There are myriad chapters in Arab history to shed light on — from the medieval to the modern — and only so much can be covered in an interview. One seminal event in the region was the arrival of Napoleon in Egypt in 1798, which is discussed in McHugo’s book. He had an Arabic proclamation printed, which said that the French had come to save the Egyptians from their rulers, even suggesting oddly they might be Muslim themselves. “He tried to give that impression, which of course was very foolish because it wasn’t true,” McHugo says. “And the Egyptians were intelligent enough to see that.”
Is there anything to be learnt today from that particular chapter in Egyptian history? “Well, what I think we can learn from it is this kind of pattern of Western intervention that, if you like, was started by Napoleon,” he says. “Because Napoleon goes to Egypt, he brings with him lots of scholars, lots of scientists who do some good things, who have good intentions. But the reason he went to Egypt was not that. The reason he went there was as part of a grand strategy to defeat one of his big rivals, namely Britain.”
Once Napoleon realised that the strategy was not working, he got on a ship and sailed straight back to France to perform greater things. “He becomes the emperor and conquers Europe,” McHugo says. “He forgets about Egypt. He had only gone to Egypt for his own purposes. But, you know, at the same time there were good things about the French invasion of Egypt, in the sense that they were interested in seeing what they could do to improve the country’s agriculture, they were interested in trying to decipher their hieroglyphs, they were interested in trying to improve health. But these things were incidental — they were not the main purpose.”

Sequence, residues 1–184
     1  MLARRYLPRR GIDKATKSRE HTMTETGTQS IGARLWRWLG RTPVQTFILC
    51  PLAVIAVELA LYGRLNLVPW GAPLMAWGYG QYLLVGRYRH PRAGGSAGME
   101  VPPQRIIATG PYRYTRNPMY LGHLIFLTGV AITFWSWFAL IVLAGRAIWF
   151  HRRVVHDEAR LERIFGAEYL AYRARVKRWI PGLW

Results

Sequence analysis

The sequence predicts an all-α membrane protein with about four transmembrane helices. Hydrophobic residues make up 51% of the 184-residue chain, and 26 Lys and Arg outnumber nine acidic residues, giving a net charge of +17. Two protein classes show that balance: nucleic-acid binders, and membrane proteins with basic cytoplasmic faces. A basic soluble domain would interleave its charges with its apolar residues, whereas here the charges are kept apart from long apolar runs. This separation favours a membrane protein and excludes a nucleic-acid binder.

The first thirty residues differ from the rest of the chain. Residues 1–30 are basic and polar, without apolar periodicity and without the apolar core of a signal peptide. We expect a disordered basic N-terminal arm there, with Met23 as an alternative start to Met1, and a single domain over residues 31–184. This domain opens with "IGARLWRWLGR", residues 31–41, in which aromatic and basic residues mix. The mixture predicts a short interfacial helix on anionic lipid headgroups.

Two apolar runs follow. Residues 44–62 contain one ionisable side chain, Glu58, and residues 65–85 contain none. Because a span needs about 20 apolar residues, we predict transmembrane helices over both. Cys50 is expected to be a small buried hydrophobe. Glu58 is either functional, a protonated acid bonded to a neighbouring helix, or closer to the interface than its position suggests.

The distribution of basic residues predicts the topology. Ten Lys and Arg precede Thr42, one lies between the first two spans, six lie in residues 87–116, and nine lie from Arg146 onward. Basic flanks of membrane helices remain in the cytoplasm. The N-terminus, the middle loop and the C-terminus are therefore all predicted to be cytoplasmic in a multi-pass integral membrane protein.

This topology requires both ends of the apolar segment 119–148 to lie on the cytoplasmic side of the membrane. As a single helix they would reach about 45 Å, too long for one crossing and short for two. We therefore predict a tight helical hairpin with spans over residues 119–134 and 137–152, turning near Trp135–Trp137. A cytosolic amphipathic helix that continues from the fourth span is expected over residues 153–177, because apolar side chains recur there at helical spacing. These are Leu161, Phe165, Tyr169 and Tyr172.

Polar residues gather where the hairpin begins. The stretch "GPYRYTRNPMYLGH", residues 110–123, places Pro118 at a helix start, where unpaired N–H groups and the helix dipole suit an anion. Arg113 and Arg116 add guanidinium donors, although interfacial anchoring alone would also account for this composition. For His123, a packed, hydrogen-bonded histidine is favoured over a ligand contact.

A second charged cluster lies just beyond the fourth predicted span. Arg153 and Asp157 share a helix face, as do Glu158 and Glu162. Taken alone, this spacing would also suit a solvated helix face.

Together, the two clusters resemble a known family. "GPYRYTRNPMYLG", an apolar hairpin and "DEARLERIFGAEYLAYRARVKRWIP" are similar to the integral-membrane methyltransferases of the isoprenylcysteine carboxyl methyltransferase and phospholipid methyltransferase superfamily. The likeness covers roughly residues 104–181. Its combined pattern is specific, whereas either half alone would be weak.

McHugo points to how later on, in 1882, Britain takes over Egypt. “And again Britain does some good things, it does some bad things,” he says. “But the reason it is there is because it is in Britain’s interest. And of course it finally goes catastrophically wrong at the very end in 1956. You could say it went catastrophically wrong long ago before that. But when you had the Suez invasion in 1956, it was beyond any doubt that the British leadership of that older generation, represented by Anthony Eden, thought Britain had a right to be in Egypt. And there was a thinking of Britain’s position, not of what the Egyptians wanted, let alone what was best for the Egyptians.”